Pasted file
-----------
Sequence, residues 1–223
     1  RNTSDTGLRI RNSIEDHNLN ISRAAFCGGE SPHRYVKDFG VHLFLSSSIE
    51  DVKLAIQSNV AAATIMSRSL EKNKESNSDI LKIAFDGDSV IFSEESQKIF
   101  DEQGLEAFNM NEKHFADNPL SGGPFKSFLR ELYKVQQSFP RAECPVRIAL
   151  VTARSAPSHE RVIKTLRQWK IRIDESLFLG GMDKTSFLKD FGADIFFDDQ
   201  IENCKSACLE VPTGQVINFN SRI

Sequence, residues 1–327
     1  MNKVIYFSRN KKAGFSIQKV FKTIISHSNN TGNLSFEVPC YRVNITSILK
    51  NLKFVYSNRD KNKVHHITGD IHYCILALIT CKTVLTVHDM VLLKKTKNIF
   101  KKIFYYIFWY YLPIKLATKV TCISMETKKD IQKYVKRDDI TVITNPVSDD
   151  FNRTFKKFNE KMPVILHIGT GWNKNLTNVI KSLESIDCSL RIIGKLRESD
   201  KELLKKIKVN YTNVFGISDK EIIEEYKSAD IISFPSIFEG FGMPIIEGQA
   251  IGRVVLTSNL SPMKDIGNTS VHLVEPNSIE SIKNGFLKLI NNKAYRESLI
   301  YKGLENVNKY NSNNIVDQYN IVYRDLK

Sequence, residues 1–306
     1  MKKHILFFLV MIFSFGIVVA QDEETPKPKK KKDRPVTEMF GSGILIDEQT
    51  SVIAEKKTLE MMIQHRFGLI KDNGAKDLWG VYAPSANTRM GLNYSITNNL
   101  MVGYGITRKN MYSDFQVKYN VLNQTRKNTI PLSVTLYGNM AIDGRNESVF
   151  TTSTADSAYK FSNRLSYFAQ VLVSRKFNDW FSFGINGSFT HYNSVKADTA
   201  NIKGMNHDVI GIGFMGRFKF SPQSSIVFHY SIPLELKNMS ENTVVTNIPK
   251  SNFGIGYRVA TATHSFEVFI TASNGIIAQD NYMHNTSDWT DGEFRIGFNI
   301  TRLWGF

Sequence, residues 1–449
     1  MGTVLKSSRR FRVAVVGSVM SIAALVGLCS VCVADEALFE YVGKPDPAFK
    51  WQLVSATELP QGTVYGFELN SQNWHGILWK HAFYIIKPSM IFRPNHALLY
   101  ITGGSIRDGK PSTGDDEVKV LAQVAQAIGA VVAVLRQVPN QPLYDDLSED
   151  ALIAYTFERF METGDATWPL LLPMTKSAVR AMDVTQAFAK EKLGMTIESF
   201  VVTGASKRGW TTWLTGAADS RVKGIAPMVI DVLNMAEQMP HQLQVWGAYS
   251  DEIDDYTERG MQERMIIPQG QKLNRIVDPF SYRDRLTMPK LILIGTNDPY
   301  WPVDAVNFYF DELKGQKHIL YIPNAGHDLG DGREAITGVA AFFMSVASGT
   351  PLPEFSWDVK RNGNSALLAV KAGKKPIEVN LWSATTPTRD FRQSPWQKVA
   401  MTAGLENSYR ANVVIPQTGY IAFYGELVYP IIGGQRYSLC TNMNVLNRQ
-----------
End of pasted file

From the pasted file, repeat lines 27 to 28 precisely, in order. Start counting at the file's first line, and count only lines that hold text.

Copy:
   151  ALIAYTFERF METGDATWPL LLPMTKSAVR AMDVTQAFAK EKLGMTIESF
   201  VVTGASKRGW TTWLTGAADS RVKGIAPMVI DVLNMAEQMP HQLQVWGAYS